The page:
When comparing different models, you should research the other fax features available to see if they will apply to your specific needs. Fax Forwarding is a feature that can forward faxes to another number when you are away from the office, for example, but it may not be essential if you only need to receive them in one location. Some fax machines come with a built-in battery backup, but home users may not need to pay more for this feature when missing a few faxes is not that important.
Whether you choose a small dedicated fax machine for the home or a multifunction behemoth for a busy office, the main factors are generally the same. By understanding your own needs and finding a device to match them, you can ensure you will be happy with your purchase for years to come.
If you own an HP LaserJet printer, you know that they are capable of printing very high-quality documents with every print. However, there are things that can affect the output quality of your LaserJet, causing printed documents to look less precise than they should. Perhaps the colors are lighter than desired or printing in the wrong color. Below are some troubleshooting steps to take when the output quality is not what you expect.
Check the Toner Cartridges
First, remove the toner cartridge from the printer and shake it gently back and forth a few times. Some of your toner could be clumped up due to the temperature or environment. This will cause the clumps to loosen up. Check for signs of damage and the level of toner remaining. If you suspect that your cartridge is empty or may be faulty, replace it with a new one.
Check the Output Settings
Also, you may want to check your LaserJet’s settings. When you click the Print option within any software, you are given the choice between different quality modes. For the highest quality output, you want to make sure you have chosen Best or Maximum for the highest quality output instead of Draft or other options. Also, if your printer is in Toner Save mode this can affect the quality of documents as well.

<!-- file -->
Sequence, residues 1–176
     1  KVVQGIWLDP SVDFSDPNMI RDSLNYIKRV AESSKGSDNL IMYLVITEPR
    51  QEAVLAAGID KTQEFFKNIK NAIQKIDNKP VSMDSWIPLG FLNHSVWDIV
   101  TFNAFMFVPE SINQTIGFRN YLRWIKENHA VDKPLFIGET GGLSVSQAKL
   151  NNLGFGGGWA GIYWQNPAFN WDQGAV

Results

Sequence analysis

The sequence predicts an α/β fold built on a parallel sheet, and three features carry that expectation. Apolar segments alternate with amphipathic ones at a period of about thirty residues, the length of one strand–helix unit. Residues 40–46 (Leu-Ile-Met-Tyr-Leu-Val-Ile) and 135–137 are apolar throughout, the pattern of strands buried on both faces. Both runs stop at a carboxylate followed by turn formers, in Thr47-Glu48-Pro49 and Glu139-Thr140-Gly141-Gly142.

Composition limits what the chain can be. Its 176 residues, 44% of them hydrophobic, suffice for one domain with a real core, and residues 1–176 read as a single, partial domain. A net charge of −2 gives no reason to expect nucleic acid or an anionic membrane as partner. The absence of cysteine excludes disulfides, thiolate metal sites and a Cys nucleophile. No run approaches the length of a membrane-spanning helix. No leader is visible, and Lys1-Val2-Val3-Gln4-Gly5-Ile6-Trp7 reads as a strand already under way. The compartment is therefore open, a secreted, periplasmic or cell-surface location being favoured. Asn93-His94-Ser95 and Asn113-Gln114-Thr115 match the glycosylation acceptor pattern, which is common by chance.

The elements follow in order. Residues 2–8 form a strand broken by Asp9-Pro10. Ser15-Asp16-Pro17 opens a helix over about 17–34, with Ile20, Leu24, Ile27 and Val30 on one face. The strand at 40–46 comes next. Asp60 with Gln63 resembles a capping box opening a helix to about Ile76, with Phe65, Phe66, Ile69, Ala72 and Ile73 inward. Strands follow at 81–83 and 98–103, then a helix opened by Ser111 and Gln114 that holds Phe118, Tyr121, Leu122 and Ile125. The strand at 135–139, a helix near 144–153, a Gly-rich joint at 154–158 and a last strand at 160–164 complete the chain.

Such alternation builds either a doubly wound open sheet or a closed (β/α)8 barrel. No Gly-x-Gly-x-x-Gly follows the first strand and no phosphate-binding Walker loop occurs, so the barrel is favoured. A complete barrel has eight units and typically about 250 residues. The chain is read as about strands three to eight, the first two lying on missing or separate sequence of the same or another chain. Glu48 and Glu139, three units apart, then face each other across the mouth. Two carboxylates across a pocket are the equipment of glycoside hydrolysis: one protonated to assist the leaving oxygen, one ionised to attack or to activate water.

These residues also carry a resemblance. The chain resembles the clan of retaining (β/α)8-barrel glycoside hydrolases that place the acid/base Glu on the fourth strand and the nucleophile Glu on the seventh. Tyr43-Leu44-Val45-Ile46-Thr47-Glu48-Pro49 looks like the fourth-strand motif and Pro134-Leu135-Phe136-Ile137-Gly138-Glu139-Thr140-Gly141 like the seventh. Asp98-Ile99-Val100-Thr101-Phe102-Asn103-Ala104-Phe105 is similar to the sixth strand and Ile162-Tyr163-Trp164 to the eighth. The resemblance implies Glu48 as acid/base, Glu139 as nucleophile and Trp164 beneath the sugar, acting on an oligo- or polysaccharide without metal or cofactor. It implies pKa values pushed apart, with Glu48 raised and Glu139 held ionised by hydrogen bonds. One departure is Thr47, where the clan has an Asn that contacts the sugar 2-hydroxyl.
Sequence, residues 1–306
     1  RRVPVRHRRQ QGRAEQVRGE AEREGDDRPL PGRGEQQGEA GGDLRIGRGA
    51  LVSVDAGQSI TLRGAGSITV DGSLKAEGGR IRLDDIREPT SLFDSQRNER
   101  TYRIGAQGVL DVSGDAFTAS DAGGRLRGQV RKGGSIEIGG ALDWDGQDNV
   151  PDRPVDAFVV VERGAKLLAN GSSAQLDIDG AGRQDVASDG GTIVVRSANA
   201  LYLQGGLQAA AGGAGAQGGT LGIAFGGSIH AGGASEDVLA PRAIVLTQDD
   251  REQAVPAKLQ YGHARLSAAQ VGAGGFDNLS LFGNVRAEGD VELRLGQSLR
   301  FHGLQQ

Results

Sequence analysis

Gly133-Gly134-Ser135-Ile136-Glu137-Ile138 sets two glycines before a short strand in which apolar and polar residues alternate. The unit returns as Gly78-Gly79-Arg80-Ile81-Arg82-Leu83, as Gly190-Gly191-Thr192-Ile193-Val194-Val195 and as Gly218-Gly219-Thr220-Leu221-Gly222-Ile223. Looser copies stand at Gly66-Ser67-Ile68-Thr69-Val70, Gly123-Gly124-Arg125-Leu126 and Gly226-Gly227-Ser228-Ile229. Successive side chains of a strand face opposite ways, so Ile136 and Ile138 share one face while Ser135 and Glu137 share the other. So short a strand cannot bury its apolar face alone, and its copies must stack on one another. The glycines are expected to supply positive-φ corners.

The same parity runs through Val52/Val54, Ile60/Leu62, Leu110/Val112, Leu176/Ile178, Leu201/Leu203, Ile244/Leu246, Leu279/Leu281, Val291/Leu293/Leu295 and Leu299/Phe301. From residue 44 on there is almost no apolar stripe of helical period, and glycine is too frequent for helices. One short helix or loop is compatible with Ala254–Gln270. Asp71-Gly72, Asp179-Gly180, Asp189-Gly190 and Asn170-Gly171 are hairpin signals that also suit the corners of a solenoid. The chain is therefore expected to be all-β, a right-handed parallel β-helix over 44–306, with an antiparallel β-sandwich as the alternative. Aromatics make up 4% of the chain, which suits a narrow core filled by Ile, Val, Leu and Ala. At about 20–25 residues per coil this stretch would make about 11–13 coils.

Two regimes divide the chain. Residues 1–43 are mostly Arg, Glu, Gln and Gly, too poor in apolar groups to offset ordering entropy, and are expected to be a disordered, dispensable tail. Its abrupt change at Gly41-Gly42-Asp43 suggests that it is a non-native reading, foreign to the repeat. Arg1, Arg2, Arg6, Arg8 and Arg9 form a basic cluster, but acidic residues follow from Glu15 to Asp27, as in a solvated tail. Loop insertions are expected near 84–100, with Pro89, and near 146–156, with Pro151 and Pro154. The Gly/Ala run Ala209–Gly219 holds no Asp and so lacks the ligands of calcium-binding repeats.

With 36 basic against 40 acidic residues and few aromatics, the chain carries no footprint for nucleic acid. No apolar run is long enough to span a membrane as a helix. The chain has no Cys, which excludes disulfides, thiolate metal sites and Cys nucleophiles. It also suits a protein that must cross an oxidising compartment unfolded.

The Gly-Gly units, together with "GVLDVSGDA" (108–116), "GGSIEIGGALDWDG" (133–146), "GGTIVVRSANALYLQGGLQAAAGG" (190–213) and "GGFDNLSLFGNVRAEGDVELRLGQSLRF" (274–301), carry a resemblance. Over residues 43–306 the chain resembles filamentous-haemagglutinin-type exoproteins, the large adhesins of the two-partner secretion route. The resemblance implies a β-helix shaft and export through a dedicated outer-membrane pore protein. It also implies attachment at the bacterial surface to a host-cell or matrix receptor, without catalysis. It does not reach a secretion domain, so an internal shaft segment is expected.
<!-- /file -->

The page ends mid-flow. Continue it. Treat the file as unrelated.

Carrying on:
Check the Paper
High-quality output requires good quality paper, and especially paper that is compatible with the type of printing you are doing. Make sure that your paper is designed for use with a laser printer, and that is dry, not sticking together, and is not bent or creased. For more tips on caring for paper, see our article on Preventative Paper Care.
Clean the Printer
If you are experiencing smears, smudges, streaks, or other similar quality issues, you may want to try cleaning the inside of the printer. Open the access panels and check for any loose toner that might be transferring to the page, and be sure to clean the rollers.
With a little luck and maybe even a little elbow grease, these tips should help you get your LaserJet output quality back up to par. If you are still experiencing problems, consult the manual or the HP Support page for specific troubleshooting based on the exact issue you are having.
Are lines showing up on your printouts that shouldn’t be there?
The size, color and number of lines showing up per printed page will vary, though it will create the same level of stress! Stay calm, though, the solution might be easier than you think.
For inkjet printers, there are really only two components that could be causing these lines.
- Run the cleaning utility software provided by the manufacturer then print a test page.
- If lines are still present, you will need to manually clean the printhead then print a test page.
- Once you are sure the printhead is as clean as it can be, check the ink level of the ink cartridges. If they are low, replace them.
- If the ink cartridges are full, you most likely have a defective cartridge. Contact your manufacturer.
- Carefully clean the corona wire located inside the imaging drum. Make sure it is put back into place once it has been cleaned and print a test page.
- As the fuser unit is the heated press that bonds the toner to the paper, it can contract a smudge of toner which will affect future prints.
- Wipe the surface of the fuser and print a test page.
- The surface of the imaging drum is extremely sensitive so if you opt to wipe it off, do so very carefully. Keep in mind, you could permanently damage the drum.
- Constantly pelted by lasers, the imaging drum is bound to be scratched or nicked. In this case, the drum will need to be replaced.
- The roller that applies the toner to the paper can collect dust particles or loose toner. It can also be damaged from wear and tear. The spot that is flawed will create blank lines on the page. Clean the roller.
- If the roller is scratched, you must replace it.
- Shake the cartridge to evenly distribute the toner if it is low.
- If there is toner in the cartridge, you may have a defective cartridge and should contact your manufacturer.
Regardless of if you are using an inkjet or a laser printer, you always want to be sure the paper you are printing on is not damaged or damp. You may even want to try putting a fresh batch of paper in the tray and printing a test page.
After all of this, if the issue persists you should enlist a professional to diagnose the problem. Sometimes it is less expensive to purchase a new printer rather than replace various parts.